China E Fund Fires Fund Manager for Alleged Illegal Bond Trades

China’s E Fund Management Co. fired Ma Xide, a portfolio manager in its fixed-income department, for alleged illegal bond trading as regulators step up scrutiny of the debt market.

Ma was dismissed April 19 after disclosing to E Fund that he’d been tried for alleged misconduct, the fund management company, based in the southern city of Guangzhou, said in a statement dated April 21. The San Xiang Metropolitan newspaper in Hunan province reported that same day on the allegations against Ma, which included misappropriation of funds and illegal bond transactions.

E Fund, which employs about 400 people and manages approximately 200 billion yuan ($32 billion) of assets, said it wasn’t aware of Ma’s March 11 trial until the April 19 newspaper report. The fund management company said Ma had not informed it of his trial and had been on leave March 11 to March 13 for what he’d said was a family emergency. Ma was released on bail, it said.

“We are deeply sorry for not being able to uncover Ma Xide’s involvement in the trial in time and for the disturbances it caused investors,” E Fund said.

Ma was prosecuted in Ningxiang county in Hunan because the alleged illegal trades were conducted through a company he set up in the province, according to the San Xiang Metropolitan report.

Calls to the court in Hunan seeking comment today weren’t immediately answered. E fund’s press office didn’t answer a call seeking contact information for Ma.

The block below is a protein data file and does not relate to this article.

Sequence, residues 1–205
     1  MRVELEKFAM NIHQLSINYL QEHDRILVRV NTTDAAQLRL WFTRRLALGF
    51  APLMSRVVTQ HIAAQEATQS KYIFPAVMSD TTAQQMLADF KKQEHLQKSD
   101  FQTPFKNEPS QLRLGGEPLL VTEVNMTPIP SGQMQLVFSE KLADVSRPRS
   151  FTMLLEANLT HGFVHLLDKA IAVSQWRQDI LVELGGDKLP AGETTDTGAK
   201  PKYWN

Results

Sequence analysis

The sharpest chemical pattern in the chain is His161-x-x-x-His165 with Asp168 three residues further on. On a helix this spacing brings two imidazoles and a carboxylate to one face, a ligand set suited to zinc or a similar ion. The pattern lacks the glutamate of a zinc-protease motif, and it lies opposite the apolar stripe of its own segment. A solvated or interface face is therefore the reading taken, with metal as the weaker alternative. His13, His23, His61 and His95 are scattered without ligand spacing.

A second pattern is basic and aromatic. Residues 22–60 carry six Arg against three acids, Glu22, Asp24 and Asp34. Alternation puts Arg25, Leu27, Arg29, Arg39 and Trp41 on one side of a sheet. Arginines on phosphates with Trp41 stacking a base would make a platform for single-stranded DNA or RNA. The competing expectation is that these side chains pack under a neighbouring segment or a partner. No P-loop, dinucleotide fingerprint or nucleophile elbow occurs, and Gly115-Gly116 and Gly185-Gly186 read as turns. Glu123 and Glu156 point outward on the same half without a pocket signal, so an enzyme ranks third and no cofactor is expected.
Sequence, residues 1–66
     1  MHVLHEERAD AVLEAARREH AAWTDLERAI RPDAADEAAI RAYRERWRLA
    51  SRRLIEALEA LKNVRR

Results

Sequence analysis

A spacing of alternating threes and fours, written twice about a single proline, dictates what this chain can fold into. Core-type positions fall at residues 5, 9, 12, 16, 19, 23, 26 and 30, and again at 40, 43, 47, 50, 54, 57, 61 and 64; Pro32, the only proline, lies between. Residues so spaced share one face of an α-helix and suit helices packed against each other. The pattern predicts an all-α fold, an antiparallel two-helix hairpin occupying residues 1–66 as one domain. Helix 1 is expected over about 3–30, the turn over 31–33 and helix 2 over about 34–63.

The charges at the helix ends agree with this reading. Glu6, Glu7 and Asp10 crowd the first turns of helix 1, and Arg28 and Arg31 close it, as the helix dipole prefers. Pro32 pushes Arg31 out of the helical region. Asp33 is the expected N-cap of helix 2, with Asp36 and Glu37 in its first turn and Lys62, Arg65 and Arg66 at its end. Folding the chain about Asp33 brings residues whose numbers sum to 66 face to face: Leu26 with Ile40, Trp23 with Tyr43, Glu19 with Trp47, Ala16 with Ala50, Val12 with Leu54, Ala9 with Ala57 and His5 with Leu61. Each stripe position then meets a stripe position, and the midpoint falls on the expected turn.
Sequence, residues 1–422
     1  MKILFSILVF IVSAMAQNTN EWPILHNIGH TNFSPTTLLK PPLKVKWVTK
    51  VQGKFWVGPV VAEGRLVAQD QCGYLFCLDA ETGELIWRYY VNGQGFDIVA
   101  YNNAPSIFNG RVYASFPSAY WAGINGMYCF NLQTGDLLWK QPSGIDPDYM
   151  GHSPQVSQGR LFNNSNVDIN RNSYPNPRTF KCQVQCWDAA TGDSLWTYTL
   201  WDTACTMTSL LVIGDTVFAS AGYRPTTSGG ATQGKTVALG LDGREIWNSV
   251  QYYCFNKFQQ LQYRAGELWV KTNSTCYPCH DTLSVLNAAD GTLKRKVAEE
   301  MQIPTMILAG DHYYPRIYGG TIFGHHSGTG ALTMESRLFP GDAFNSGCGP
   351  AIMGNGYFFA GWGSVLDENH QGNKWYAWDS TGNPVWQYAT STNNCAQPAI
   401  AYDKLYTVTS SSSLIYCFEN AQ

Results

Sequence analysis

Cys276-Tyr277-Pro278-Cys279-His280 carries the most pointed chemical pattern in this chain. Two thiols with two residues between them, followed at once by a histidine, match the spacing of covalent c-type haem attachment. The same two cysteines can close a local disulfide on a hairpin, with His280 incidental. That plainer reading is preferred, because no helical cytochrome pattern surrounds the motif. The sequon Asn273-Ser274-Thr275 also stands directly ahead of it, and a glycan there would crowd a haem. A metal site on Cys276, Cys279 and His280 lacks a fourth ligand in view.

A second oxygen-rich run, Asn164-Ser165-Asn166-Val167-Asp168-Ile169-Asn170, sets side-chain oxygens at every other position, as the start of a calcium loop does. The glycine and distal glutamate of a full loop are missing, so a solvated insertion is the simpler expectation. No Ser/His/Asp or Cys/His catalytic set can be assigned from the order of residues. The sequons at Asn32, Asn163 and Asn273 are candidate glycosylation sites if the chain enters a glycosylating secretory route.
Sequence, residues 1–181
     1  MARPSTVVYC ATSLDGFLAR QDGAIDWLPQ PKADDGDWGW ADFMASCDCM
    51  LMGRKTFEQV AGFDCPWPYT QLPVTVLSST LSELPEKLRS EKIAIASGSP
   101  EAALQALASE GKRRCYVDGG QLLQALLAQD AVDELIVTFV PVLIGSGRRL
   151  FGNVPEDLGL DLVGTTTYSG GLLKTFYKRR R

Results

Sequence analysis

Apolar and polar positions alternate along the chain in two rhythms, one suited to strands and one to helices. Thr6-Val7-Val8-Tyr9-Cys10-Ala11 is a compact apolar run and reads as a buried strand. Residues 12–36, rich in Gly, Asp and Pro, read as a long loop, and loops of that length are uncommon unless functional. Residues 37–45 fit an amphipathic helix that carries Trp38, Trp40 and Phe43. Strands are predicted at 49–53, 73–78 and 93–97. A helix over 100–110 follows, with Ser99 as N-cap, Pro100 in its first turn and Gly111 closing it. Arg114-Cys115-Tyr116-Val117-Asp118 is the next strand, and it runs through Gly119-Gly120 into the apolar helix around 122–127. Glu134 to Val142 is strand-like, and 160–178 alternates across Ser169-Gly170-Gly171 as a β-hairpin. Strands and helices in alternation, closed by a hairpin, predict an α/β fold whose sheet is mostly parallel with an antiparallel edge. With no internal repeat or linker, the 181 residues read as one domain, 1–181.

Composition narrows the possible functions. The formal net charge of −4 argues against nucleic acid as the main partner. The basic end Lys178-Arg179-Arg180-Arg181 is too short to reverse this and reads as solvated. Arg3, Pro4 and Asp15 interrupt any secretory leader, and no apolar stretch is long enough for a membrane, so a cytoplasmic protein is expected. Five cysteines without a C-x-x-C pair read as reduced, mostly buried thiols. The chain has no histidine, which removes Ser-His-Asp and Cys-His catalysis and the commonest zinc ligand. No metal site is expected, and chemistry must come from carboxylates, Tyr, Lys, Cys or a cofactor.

Trading Probe

Chinese regulators are investigating illegal fixed-income transactions in accounts typically used by senior traders at financial institutions, the Shanghai Securities News reported last week. The government has sent teams to inspect trading records at companies in Shanghai, Beijing and Jiangsu province, the newspaper reported, without citing anyone.

The investigation focuses on trades executed for so-called Bing-grade investors, who borrowed from banks to buy bonds and had another institution hold the securities, according to the Shanghai Securities News. Holders of the accounts, often senior executives, can make profits without risking their own money when bond prices rise, according to the newspaper affiliated with the official Xinhua News Agency.

The China Securities Regulatory Commission said April 19 that fund companies are prohibited from holding bonds for others, the 21st Century Business Herald reported, citing an unidentified official at the agency.

Zou Yu, a former fixed-income investment director of Wanjia Asset Management Co., is the subject of an investigation related to so-called Bing-grade accounts, according to the official Xinhua News Agency. The company said last week that Zou is being investigated for personal conduct and is no longer an employee.